Why listening to patients improves clinical trials
The clinical trial process can be challenging, especially in the design phase. Research suggests that engaging with participants at an early stage can improve the reliability of the trials and have a direct impact on cost.
A recent survey revealed that 97 per cent of patients feel participants should play an integral part in the development process. A further study showed that logistics, including location, timing and transportation, was the number one consideration when it came to deciding whether to participate in a clinical trial.
Making the trial patient-friendly is important, which is why it is vital to listen to participants and address any concerns they have, removing barriers that could prevent them from taking part. Depending upon when changes have been implemented, patient input can have a significant impact on initial trial design. Enrolment and retention levels may be improved and costly mistakes avoided depending upon when any changes are implemented.
Clinical trials are a vital aspect of developing new treatments. Patients need to be introduced to the design process as early as possible during adaptive phase 1 clinical studies (http://www.richmondpharmacology.com/adaptive-phase-i-studies.php). This is crucial not only in terms of saving money, but also in gathering useful insights into participants.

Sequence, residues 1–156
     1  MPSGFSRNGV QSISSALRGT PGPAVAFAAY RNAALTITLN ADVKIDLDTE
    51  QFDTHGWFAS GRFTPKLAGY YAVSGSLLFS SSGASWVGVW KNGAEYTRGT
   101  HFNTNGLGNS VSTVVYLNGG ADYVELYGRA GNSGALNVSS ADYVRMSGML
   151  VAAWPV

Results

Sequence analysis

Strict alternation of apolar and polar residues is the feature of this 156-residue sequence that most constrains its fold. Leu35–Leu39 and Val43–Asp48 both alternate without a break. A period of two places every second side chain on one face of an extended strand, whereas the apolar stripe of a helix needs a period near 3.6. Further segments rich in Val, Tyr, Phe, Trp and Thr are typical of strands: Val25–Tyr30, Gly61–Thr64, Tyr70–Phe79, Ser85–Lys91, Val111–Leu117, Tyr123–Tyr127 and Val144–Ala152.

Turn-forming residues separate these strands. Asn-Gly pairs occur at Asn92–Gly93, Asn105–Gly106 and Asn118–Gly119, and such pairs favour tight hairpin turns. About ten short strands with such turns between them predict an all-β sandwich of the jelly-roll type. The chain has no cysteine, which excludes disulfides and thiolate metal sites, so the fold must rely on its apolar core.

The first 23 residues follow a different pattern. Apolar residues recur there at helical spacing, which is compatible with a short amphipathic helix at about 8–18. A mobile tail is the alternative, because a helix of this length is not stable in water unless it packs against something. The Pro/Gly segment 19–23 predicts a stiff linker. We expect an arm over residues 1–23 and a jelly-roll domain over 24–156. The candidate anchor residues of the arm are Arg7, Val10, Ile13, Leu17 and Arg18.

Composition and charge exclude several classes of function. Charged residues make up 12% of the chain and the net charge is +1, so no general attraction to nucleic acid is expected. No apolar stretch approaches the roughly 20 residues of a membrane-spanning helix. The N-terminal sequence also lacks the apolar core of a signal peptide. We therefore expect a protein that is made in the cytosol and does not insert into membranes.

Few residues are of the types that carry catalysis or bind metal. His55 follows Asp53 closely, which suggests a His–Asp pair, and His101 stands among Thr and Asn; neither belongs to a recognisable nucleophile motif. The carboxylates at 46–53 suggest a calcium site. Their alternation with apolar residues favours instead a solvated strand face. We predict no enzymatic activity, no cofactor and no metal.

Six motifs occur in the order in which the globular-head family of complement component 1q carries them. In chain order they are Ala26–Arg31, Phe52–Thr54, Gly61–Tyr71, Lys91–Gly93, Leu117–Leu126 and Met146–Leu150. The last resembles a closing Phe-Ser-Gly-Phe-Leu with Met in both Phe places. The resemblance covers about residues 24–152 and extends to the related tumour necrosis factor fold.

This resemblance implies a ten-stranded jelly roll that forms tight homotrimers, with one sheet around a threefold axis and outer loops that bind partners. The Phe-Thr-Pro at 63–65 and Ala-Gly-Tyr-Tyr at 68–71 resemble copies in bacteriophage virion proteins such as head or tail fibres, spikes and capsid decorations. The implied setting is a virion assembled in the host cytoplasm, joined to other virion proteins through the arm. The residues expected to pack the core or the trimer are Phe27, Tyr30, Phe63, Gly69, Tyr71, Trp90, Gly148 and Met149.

Patient involvement might include:
Co-creation Workshops – Bringing together important stakeholders, such as clinical coordinators, development staff, investigators and patients, to pool together ideas, discuss issues, identify potential problems and map out patient and site experience. This is also the ideal time to help patients gain a greater depth of understanding about the the trial, its purpose, aims, objectives and the requirements of them as participants.
Study Team Patient Advisor – Study teams should include a patient advisor. This is someone who has had previous personal clinical trial experience and is knowledgeable about their illness and treatments. This enables the patient representative to not only participate in reviews of protocol, but also provides a more personal perspective from the patients’ point of view throughout the whole process.
Patient Councils – This is a group of trained caregivers and patients who can be consulted on key topics via face-to-face meetings, written feedback or telephone/video conferencing. It is important to ensure these carefully selected individuals are trained so they have a full understanding of the complexities involved in clinical development, further validating their feedback.